One thing about all this hot sunny weather….the weeds shoot up like rockets on the Fourth of July. Sometimes I swear I can actually SEE them growing. While we like to let everything go as wild as possible to provide habitats for pollinators and beneficial insects, the amount of jungle we can entertain is limited by the appearance standards of our town. Even more important, we want to be good neighbors.
One of the greatest joys of living at Half-Pint Homestead is the mental exercise I get. It’s incredibly exhilarating to take a problem and find three or four ways to solve it, then choose the best of those. Take the example of these weeds. I could:
- Kill them with poison – not even an option as I don’t want to expose myself or the earth to this stuff
- Chop them with a weed eater – Okay, but they grow right back and I have to do something with the chopped part. My compost bin is only so big….
- Hack them down with a manual weed chopper – Same issues as the weed eater, but at least I get a good workout
- Cut them daily and feed them to the livestock. – This turns the weeds into a solution rather than a problem
I’m pretty sure you know which one I’m going to choose. After all, feed is the most energy intensive portion of Half-Pint Homestead and I’m always looking for ways to reduce the amount of feed we need to bring in. There is a mix of perennial and annual weeds in the patch. Annual weeds, such as ragweed, provide a lot of bulk quickly and are very digestible. Perennials, such as mulberry and grape vine, have more woody stems which are less digestible, but their deep root systems mine the subsoil for minerals.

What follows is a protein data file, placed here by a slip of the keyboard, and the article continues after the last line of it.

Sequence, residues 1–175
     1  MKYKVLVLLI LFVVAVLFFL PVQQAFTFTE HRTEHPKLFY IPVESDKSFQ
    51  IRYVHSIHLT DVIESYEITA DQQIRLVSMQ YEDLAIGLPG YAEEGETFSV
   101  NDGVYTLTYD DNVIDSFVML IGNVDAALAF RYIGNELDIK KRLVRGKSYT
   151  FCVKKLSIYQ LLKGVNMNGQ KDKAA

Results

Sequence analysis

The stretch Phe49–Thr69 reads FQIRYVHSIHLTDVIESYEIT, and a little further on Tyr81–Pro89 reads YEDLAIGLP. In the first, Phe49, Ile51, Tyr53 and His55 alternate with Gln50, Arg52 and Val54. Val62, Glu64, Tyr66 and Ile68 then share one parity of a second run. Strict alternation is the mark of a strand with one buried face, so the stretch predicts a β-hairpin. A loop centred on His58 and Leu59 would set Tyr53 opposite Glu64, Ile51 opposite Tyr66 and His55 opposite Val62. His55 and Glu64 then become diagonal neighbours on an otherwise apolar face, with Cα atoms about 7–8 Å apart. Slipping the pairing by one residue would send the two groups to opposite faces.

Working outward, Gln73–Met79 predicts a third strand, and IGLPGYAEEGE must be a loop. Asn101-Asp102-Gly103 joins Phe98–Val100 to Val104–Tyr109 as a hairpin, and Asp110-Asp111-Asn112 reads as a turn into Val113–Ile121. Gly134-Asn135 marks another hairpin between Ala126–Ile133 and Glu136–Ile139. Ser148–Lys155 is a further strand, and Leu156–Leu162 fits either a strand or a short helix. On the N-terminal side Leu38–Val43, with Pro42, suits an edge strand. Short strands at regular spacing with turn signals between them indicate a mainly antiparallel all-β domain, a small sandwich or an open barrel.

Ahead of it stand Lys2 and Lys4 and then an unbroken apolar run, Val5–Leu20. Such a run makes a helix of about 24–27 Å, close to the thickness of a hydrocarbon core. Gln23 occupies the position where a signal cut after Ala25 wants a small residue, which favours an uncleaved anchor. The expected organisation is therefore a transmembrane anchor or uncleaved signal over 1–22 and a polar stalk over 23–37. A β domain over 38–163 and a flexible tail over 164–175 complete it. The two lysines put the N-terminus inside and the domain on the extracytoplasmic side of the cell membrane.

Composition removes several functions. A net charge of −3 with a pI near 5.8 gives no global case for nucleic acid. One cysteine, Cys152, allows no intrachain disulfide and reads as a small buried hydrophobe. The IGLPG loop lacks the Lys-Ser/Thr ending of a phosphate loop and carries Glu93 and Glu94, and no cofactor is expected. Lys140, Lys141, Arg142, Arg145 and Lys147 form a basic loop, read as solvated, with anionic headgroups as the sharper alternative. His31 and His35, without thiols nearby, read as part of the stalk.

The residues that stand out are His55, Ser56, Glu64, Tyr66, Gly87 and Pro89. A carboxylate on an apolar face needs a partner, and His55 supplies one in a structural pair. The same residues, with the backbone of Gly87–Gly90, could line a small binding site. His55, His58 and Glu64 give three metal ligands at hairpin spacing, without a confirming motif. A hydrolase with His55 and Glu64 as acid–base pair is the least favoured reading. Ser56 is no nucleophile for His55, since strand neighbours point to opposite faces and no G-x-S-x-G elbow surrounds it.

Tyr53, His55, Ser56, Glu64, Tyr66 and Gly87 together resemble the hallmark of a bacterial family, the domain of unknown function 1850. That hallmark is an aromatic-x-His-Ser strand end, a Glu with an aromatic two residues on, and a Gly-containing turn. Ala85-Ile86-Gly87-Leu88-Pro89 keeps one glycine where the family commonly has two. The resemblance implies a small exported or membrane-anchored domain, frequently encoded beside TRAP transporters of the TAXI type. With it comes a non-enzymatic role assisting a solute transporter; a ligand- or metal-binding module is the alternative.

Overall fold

One thing to note about feeding weeds; it’s important to be able to identify the plants you are harvesting so you don’t give anything toxic to your livestock. While it’s true that animals out grazing in a natural setting will generally avoid or only eat a small amount of toxic plants, critters in confinement will eat everything you give them. If I don’t know exactly what it is, or if I’m not sure about it toxicity, I put it in the compost bin rather than feed it.
It took me less than 5 minutes to fill my bucket with ragweed, grapevine, and redbud. Another 5 minutes and everyone was happily munching on this healthy, and even better, free feed. Living this way forces me to see that there really are no “weeds”. Nothing is waste, but merely food for something else in the endless spiral of Life, Death, Life.